Doctor Denies Negligence in Removing the Wrong Organ During Procedure
Dr. Scott Baker and The Surgical Institute of South Dakota have admitted to mistakenly removing an Iowa patient’s healthy kidney, but the surgeon denied that he breached the standard of care during the procedure. The admission came in an answer to Dena Knapp’s lawsuit that Baker removed her healthy right kidney instead of an adrenal gland and an associated mass. Knapp developed stage-three kidney disease after her October 2016 surgery and subsequently filed her suit in August alleging professional negligence.
The complaint indicates Knapp was supposed to have an adrenal gland and a mass spotted on the gland removed during the Oct. 5, 2016 surgery at the Surgical Institute. Instead, Dr. Baker removed her healthy right kidney and subjected her to life-threatening disease. Knapp alleged that she wasn’t told about the mistake until after she was discharged and released from the hospital. When she left and returned home she was still under the impression all had gone as planned.
Baker had known on the day of the surgery that he hadn’t removed the adrenal gland because he was notified by Avera McKennan Hospital’s pathology department. Yet, Knapp said on Oct. 7 Baker told he hadn’t heard from pathology, according to court documents. He did indicate that he had to remove the kidney while taking out the adrenal gland.
“It was about 8:00 in the evening and the surgeon had come up into my patient room and was explaining to me at the time of the procedure when he was removing the adrenal gland and the mass that incidentally the kidney had come out with it,” Knapp said.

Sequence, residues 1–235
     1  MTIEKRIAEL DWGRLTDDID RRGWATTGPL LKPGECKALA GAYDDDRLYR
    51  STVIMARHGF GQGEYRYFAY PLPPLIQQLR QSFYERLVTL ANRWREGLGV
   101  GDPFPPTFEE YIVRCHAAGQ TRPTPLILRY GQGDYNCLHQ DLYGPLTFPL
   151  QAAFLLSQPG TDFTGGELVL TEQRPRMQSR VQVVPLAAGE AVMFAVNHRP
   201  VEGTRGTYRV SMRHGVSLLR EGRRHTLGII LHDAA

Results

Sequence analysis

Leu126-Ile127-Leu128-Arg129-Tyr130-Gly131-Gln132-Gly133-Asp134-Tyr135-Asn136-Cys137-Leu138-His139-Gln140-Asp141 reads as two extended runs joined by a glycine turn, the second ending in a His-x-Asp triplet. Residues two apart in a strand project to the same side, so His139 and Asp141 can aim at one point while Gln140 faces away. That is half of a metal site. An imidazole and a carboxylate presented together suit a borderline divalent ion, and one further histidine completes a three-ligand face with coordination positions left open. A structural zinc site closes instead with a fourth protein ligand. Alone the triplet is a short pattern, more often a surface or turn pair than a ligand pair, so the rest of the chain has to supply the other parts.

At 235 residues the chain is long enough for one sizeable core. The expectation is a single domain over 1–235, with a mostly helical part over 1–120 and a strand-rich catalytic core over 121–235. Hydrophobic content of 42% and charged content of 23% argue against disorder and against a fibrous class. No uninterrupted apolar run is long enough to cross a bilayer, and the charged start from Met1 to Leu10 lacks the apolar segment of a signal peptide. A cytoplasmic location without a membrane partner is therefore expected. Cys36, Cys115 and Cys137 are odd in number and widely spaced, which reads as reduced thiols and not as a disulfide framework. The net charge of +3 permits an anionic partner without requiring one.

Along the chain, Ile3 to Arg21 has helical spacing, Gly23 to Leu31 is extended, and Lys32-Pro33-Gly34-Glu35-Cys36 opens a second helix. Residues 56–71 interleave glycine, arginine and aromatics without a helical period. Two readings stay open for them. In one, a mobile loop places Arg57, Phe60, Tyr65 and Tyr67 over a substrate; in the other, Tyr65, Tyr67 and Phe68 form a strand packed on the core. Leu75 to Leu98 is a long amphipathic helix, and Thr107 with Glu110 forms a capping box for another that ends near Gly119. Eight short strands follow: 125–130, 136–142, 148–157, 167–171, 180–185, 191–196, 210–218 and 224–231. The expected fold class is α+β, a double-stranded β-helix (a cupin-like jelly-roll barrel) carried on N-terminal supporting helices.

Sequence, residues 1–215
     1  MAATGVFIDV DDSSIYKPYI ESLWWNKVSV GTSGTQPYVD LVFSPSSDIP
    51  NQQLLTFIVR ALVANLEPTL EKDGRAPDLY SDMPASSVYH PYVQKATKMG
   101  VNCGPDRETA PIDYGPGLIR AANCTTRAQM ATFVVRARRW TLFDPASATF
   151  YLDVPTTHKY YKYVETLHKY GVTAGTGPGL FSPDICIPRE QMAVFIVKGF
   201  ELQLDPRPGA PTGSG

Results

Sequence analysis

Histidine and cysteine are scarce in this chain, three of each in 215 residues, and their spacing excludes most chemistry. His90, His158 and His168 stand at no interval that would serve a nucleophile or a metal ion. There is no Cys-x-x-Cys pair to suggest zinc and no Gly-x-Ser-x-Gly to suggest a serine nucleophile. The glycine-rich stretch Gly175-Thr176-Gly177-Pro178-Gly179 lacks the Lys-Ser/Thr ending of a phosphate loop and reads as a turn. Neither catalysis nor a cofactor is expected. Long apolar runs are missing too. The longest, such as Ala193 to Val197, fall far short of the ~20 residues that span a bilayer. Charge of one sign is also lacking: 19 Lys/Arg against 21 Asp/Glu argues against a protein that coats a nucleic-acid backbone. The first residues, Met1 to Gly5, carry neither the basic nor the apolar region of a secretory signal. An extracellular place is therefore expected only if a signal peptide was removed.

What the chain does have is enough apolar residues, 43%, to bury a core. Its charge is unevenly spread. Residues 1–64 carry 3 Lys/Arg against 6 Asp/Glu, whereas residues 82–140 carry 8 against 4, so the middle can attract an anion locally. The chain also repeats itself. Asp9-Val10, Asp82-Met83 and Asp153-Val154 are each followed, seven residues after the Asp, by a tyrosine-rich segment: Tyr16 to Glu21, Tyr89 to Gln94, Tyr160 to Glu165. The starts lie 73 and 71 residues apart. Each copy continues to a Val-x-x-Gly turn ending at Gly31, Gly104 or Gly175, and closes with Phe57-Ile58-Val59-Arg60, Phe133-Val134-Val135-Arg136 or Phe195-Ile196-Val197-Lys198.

Baker then called Knapp several days later on Oct. 11 and told her that part of the adrenal gland was still inside her body and that he “did not get everything.” The doctor advised her that she would have to undergo a second surgery.
Baker does not deny he was made aware of the mix-up that same day but said he reported this to the patient right away. He stated Knapp was provided with the information on the day of her surgery, not several days later.
Baker and The Surgical Institute say they did not breach the standard of care by removing the kidney, failing to remove the adrenal gland, and failing to admit the mistake. Knapp’s medical records also indicated “a very superiorly located right adrenal gland,” which was near the large lobe of her liver, according to the response. They also deny that Knapp suffered damages. “Defendants,” the answer says, “deny the nature, scope, and extent of plaintiff’s claimed injuries, losses, and damages.”
Knapp contends the error resulted in an incurable, progressive disease in her remaining kidney. It says she suffers from pain, fatigue, depression, and mental distress as a result. “Further,” the lawsuit states, “since the erroneous surgery, Dena has been unable to perform many functions and has required replacement services to clean and maintain her home, the past and future cost of which is yet to be determined.”
After the incident, Knapp chose to have her adrenal gland removed at a follow-up appointment with the Mayo Clinic in Rochester, Minnesota. Nevertheless, she says she continues to suffer from the aftereffects of the unsuccessful procedure.